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Kangaroo Mother Care

A third of low birth weight babies die within the first twelve hours after delivery, largely because they get cold very quickly, causing them to stop feeding and leaving them more susceptible to infection. Fortunately, Kangaroo Mother Care (KMC) is a proven, cost-effective intervention for reducing deaths in low birth weight and premature newborns by:

  • Ensuring warmth via continuous skin-to-skin contact between the baby and mother (or a substitute caregiver, such as the father);
  • Increasing nutrition by promoting frequent and exclusive breastfeeding;
  • Providing infection prevention; and
  • Enabling early discharge from health facilities with appropriate counseling and follow-up care.

In many settings, KMC is a more effective, practical and affordable method of care than incubators. Yet despite the clear benefits of the practice—and its endorsement by the World Health Organization for the care of preterm infants—it is still not routinely available and accessible in many developing countries.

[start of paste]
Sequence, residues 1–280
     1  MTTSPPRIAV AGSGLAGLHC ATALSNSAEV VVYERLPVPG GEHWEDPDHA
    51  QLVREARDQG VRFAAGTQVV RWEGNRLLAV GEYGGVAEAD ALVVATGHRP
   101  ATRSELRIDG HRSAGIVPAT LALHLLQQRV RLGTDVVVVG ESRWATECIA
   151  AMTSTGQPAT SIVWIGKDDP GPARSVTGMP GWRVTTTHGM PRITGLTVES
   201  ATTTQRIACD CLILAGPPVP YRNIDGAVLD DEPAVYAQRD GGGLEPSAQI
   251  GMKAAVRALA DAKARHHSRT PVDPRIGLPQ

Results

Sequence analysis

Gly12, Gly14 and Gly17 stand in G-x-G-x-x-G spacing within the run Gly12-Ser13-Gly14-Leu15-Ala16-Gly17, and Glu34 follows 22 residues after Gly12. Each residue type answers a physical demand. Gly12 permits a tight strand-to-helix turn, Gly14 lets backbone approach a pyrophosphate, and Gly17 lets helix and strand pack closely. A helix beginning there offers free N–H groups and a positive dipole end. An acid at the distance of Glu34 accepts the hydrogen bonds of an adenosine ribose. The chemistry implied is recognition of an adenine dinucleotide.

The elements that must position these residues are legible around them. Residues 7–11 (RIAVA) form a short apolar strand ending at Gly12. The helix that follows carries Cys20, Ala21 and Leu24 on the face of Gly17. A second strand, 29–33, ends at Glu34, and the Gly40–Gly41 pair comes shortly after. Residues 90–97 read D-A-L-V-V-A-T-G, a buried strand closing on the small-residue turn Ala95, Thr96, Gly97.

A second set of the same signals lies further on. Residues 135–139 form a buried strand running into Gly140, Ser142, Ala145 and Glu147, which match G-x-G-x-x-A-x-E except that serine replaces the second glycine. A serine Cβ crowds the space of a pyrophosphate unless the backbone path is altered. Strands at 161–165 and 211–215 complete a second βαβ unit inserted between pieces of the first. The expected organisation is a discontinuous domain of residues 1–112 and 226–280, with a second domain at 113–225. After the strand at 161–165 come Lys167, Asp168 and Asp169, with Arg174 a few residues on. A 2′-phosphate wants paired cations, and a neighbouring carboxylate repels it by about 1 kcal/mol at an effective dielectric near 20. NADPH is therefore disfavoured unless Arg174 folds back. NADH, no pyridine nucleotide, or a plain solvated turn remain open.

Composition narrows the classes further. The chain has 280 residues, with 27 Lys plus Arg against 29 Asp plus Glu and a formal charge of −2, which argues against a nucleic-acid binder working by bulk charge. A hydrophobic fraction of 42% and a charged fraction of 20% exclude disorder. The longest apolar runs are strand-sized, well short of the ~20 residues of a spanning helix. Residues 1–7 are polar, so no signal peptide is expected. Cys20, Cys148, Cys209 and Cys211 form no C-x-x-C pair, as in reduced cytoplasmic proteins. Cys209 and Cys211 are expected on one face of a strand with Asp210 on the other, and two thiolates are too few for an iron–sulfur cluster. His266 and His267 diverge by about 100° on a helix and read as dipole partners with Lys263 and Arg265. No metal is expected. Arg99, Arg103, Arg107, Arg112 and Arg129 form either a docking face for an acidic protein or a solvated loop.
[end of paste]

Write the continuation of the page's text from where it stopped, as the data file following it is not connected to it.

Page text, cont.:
To significantly contribute to the reduction of newborn death in these regions, it is imperative that KMC services be scaled up to cover most, if not all, hospitals and health centers where deliveries take place. Introducing and expanding KMC services on a national level requires commitment from the government, local professional bodies, local leaders, international organizations, and nongovernmental agencies.

MCSP works to catalyze and support KMC by working with ministries of health and stakeholders to:

  • Develop and adapt national KMC policy and guidelines;
  • Create plans of action for KMC implementation and scale up;
  • Train service providers and improve quality of care;
  • Increase support for KMC among providers and in the community; and
  • Monitor and evaluate KMC services.
Mother and baby doing Kangaroo Mother Care in Malawi
Photo: Jeff Smith/Jhpiego